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Amputees with prosthetic legs, either above-knee or below-knee, often develop blisters from irritation of the prosthetic rubbing excessively against the residual limb. These blisters are very painful, and impede an amputee’s ability to wear the prosthetic for long periods of time. If broken and exposed, they can result in infections. Before a blister develops, the friction between the skin and the conical socket causes an increase in temperature and moisture in the area. The Blister-Free Prosthetic Leg employs both a temperature and galvanic skin response (GSR) sensor to notify the user when the socket has heated up to a blister-inducing temperature and moisture level. It then lights up an LED on the foot so that the amputee can remove or adjust the prosthetic before the skin breaks. The temperature and GSR sensors are situated at the base of the socket, extending into the shaft of the prosthetic.


Step 1: Materials

1. LED

2. Two 470 Ω resistors (yellow, purple, brown)

3. Temperature sensor (I used a "TMP 36" sensor from Analog Devices--http://www.analog.com/static/imported-files/data_sheets/TMP35_36_37.pdf)

4. Galvanic skin response (GSR) sensor (you can easily make one by stripping two jumper cables one inch down on one side, exposing the wire underneath)

5. Arduino (I used an Arduino Uno)

You will also need a computer with the Arduino software and a USB cable and several jumper cables. 



Step 2: Set-Up

To start, put the LED on the Arduino board. Connect the long lead (this is the anode and positive lead) to a 470 Ω resistor and then to pin 8 on the Arduino. Put the other, short lead (cathode, negative) in ground (GND).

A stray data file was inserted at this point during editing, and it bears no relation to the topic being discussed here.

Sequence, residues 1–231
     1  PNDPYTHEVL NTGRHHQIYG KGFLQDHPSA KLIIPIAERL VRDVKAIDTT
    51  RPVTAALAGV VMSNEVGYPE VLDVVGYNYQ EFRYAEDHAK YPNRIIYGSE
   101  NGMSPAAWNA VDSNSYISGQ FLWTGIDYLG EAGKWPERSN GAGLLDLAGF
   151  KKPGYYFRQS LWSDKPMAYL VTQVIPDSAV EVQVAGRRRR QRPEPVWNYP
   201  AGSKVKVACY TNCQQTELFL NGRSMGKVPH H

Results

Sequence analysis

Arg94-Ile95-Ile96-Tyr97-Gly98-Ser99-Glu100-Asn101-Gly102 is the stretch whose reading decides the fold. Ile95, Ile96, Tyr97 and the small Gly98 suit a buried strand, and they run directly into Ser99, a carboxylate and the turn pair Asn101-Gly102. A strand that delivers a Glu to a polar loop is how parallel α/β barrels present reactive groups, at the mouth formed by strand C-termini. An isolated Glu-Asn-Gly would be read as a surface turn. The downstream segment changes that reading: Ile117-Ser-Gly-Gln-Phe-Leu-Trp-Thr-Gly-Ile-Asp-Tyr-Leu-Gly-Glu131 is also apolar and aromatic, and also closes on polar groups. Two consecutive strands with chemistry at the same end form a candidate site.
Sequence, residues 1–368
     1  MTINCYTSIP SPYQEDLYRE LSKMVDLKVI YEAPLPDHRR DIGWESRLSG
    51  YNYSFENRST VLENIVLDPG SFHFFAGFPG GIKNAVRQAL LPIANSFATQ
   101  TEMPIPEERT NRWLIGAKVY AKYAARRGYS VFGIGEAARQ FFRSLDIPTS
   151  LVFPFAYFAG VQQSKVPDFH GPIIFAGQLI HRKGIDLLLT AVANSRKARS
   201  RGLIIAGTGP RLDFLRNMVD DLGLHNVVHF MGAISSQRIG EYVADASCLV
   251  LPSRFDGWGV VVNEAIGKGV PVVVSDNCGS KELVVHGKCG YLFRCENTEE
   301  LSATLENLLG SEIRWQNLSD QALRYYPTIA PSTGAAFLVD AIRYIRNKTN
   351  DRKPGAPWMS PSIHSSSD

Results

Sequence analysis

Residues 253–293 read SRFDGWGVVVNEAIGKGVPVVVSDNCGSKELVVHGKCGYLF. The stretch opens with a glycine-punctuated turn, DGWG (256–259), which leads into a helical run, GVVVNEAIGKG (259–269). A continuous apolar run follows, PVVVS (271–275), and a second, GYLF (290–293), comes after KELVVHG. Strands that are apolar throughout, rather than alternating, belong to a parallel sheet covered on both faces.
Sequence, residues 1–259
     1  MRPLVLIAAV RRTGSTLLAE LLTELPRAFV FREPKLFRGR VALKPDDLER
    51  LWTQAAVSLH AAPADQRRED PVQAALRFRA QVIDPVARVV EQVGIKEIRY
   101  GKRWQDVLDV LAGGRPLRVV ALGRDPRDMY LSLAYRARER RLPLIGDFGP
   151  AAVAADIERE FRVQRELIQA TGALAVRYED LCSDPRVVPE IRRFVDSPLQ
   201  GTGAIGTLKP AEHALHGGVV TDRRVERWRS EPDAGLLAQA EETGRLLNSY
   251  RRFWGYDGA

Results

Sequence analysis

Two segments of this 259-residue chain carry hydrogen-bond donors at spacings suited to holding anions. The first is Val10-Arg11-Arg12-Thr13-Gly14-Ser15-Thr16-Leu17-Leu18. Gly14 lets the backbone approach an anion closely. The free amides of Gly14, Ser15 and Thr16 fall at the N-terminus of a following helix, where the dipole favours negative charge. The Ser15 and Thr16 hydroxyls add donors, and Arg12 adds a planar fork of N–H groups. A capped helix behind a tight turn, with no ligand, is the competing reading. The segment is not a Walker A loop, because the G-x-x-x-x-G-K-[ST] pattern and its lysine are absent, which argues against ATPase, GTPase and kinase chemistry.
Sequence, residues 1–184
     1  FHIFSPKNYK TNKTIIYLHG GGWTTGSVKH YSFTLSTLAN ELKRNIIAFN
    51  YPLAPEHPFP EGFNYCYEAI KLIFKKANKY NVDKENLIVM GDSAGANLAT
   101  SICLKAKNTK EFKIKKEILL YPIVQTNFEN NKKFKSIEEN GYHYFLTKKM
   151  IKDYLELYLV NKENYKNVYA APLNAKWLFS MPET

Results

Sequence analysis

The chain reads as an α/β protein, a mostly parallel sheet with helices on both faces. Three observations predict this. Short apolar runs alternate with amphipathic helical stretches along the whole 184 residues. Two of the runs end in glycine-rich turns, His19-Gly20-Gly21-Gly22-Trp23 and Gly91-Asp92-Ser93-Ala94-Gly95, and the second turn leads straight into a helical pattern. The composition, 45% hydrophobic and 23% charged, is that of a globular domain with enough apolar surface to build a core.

Next, connect the temperature and GSR sensor cables to the Arduino. 

   -For the temperature sensor, connect the far right prong of the sensor (when curved side is facing you) to GND. Connect the middle prong to A0. Connect the far left prong to Vin (5V). 

   -For the GSR sensor, connect one prong to Vin (5V). Connect the other prong both to A1 and to a 470 Ω resistor, which then connects to GND. 

Step 3: Install Temp and GSR Sensors

Fix the temperature and GSR sensors to a piece of cardboard that can fit in between your palms. This will allow you to easily test the sensors before installing them in the prosthetic. 

Step 4: Upload Code

Upload the following code to the Arduino. Test it by rubbing your hands together quickly for 10-15 seconds and then placing the cardboard with the sensors in between your palms. If the temperature and moisture level has exceeded a certain amount after rubbing your hands together, the LED will light up. 

const int sensorPintemp = A0; //Declare the temperature sensor pin

const int sensorPinGSR = A1; //Declare GSR

int sensorValuetemp = 0; //Declare the temp as input

int sensorValueGSR = 0; //Declare the GSR as input

const int LEDpin1 = 8; //declare LED pins

void setup() {
  pinMode(LEDpin1, OUTPUT); //Declare LEDs as output
}

void loop() {
  sensorValuetemp = analogRead (sensorPintemp); //Declare temp and GSR sensor pins as analog read
  sensorValueGSR = analogRead (sensorPinGSR);
  if ((sensorValuetemp) > (150) && sensorValueGSR > (16)) //Tell LED to light up if temp and GSR are above certain values
   {
     digitalWrite(LEDpin1, HIGH);
   }
   else {
     digitalWrite(LEDpin1, LOW); //Tell LED to turn off if temp and GSR are below certain values
   }
}

Wow, this so cool! I love it!
Yummy <3

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